(From the Daily St. Catharines Journal.)
It must be highly gratifying to every patriotic and loyal inhabitant of the country to learn by the news of Quebec that a solution of the sectional difficulties environing our position and clogging useful and necessary legislation has atlas been arrived at, and that the basis of the arrangement is such that no reasonable objection can be made to it. The position of parties in the House, and in the country, was such that, unless a compromise of some kind was made, legislation, except of the most trivial and harmless description, was impossible.
For years the country has been agitated, deeply agitated, on one question, Representation by Population, and the excitement had reached such a pitch that the question had to be grappled with. It was certain that with Upper and Lower Canada arrayed against each other — with large sectional majorities in the House — nothing could be accomplished except on the principle of compromise, and as that compromise has taken the direction of Federation, instead of seeing anything in it to condemn, we, and every patriot, will see much to commend. It is a principle long considered as the only one applicable to British America. It was recognised as the true principle for the government of the country prior to and at the time of the Union. The Maritime Provinces, with the single exception of Prince Edward Island, have acknowledged and accepted it. Surely, then, it is but right that when an opportunity offered, not only of effectually settling a most vexed and troublesome question and of inaugurating a Federation, which will ultimately tend to cement the Provinces and build up a great and might nation under the fostering care of Great Britain — when such an opportunity offered, it would have been the supremist folly for our legislators to have neglected it. Supposing the agreement to be such as has been foreshadowed, we most heartily concur in it, and believe that nine-tenths of the people of Canada will do so also. The agreement now entered into, if honestly and fairly carried out, will give greater security to all classes; our government will be placed on a […] […] basis, and we shall obtain a position among the nations of the earth which we never could have hoped for under the condition of things existing since the Union.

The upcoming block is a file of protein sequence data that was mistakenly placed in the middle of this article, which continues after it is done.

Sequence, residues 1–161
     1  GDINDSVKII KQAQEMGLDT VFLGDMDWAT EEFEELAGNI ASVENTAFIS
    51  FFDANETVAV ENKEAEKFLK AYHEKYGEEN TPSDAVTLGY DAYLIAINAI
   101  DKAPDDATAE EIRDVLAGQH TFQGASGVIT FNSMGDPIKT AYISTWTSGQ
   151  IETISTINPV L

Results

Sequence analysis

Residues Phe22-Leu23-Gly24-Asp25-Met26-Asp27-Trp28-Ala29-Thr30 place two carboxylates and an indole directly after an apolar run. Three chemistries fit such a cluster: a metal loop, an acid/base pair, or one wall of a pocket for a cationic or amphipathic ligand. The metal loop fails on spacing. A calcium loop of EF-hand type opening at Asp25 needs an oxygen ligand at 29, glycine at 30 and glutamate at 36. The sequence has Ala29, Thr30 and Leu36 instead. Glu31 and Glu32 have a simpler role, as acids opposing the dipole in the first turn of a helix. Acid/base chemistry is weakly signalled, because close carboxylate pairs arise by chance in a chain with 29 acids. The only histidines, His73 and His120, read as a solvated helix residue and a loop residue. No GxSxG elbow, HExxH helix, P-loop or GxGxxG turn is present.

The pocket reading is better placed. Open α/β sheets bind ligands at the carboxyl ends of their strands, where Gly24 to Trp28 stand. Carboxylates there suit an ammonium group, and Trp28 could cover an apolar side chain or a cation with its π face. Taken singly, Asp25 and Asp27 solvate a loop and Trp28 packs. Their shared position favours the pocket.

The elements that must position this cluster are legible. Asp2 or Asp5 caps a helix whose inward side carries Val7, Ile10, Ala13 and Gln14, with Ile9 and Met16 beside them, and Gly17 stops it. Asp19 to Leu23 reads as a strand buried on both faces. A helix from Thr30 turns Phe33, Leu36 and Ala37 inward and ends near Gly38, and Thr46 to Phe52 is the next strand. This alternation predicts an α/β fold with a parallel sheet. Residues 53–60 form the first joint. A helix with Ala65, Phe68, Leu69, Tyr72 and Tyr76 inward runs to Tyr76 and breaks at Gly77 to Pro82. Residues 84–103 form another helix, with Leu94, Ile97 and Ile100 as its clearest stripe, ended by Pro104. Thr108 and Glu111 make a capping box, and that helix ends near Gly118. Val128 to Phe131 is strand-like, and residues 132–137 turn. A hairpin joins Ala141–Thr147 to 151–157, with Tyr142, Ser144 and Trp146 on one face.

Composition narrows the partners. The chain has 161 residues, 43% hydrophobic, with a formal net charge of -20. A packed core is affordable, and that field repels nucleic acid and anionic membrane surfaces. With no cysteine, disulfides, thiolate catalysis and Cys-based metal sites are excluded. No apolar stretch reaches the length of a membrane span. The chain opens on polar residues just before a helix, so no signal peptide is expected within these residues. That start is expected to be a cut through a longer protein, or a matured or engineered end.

(From the Huron Signal.)
Now that the excitement incident upon the startling changes proposed in the Government of Canada has somewhat subsided, it becomes the duty of the journalist to discuss in a calm and rational manner the probable bearing of the foreshadowed innovations upon our present and future welfare as a people. It has been asserted, and, we think, may now be accepted as a fact, that the period had arrived when some step such as has taken was indispensably necessary, […] order to the […] of very grave sectional difficulties.